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Domaine des Ouches

Domaine des Ouches

While Bourgueil and St Nicolas de Bourgueil do not enjoy the same level of fame as their Cabernet Franc counterpart, Chinon, there is much to be gained from an exploration of these two appellations. Their gentle gravel incline, the limestone beneath only popping out at the very top of the slope, can provide attentive vignerons with valuable raw material. The focus for those with vines on gravelly soils should, I feel, be on elegance, perfume and precision rather than power; the latter should be the focus for those fortunate enough to have a few vines in those lieux-dits that sit high up on the slope, in exalted vineyards such as Les Bézards, Les Malgagnes, Les Perrières and the like.

There are many domaines that work to this mantra, turning out elegant wines from Bourgueil’s softly friable gravelly terroir, but which also make good use of their vines on the richer soils of clay and limestone. Domaine des Ouches is one such domaine; here the Gambier brothers produce an array of wines which seem to relate to their terroir of origin in a quite precise fashion. From the gravelly soils comes a perfumed and approachable entry-level cuvée, but they also have several parcels of vines on more prestigious soils just below the tree line, and these give rise to an attractive portfolio of tannin-rich single-vineyard cuvées which are very worthy of our attention.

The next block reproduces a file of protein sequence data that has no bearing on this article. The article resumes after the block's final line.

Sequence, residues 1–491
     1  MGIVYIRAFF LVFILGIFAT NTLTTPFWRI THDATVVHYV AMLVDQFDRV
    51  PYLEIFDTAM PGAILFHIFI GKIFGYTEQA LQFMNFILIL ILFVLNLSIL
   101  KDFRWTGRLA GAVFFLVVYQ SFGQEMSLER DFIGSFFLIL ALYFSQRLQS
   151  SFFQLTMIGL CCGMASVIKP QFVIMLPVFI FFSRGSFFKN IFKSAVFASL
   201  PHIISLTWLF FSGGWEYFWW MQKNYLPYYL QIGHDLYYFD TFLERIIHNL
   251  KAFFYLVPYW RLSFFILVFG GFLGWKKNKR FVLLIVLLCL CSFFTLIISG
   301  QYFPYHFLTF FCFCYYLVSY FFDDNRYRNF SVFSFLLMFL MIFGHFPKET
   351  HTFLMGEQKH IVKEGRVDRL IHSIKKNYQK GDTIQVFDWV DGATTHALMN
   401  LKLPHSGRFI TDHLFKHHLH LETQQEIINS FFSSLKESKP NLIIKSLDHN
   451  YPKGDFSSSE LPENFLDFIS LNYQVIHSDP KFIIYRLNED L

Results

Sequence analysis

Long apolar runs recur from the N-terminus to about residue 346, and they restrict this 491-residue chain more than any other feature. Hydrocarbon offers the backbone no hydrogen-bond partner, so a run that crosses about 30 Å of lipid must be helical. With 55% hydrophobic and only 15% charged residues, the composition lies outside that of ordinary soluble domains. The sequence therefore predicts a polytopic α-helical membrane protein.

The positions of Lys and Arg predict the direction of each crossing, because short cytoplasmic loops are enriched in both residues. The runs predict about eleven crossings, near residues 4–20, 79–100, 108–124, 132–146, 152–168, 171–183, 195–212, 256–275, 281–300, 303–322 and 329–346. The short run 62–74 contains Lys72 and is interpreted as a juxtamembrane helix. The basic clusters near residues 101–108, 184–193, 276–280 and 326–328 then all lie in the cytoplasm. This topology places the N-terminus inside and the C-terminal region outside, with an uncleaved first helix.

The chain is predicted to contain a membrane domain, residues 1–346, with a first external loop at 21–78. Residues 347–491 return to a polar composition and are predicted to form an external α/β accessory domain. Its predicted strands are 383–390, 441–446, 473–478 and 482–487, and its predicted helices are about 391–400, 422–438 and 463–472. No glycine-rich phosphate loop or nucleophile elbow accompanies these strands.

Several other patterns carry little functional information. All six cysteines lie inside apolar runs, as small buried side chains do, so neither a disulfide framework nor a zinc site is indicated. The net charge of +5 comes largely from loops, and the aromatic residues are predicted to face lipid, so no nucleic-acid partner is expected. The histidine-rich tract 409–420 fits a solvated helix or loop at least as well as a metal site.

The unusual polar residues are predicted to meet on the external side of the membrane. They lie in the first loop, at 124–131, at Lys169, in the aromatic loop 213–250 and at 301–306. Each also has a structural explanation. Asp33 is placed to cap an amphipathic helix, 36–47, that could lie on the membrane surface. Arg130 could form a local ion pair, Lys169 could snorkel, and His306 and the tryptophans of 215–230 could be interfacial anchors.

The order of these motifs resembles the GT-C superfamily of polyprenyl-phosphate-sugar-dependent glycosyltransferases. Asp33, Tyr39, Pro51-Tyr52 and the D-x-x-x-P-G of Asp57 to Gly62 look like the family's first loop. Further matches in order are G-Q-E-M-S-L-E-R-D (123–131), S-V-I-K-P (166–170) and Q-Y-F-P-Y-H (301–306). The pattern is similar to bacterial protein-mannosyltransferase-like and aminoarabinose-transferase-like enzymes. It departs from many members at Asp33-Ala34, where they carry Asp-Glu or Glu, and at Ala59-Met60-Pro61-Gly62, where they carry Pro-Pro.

Domaine des Ouches

Origins

The Gambier brothers are the eighth generation of the family to tend vines here, the domaine having been passed down through the family since the French Revolution (when they presumably acquired the land) in the late-18th century. In many cases, however, the family’s vineyards were passed from mother to daughter, and so it was many years before the name of Gambier was associated with the domaine. The current proprietor Denis Gambier can rattle off some of the names of the vigneronnes who once worked these vines, and these included Prince (there is a Clos Prince associated with the domaine, probably relevant), Boireau and Chéreau. The domaine eventually came to a Gambier through marriage.

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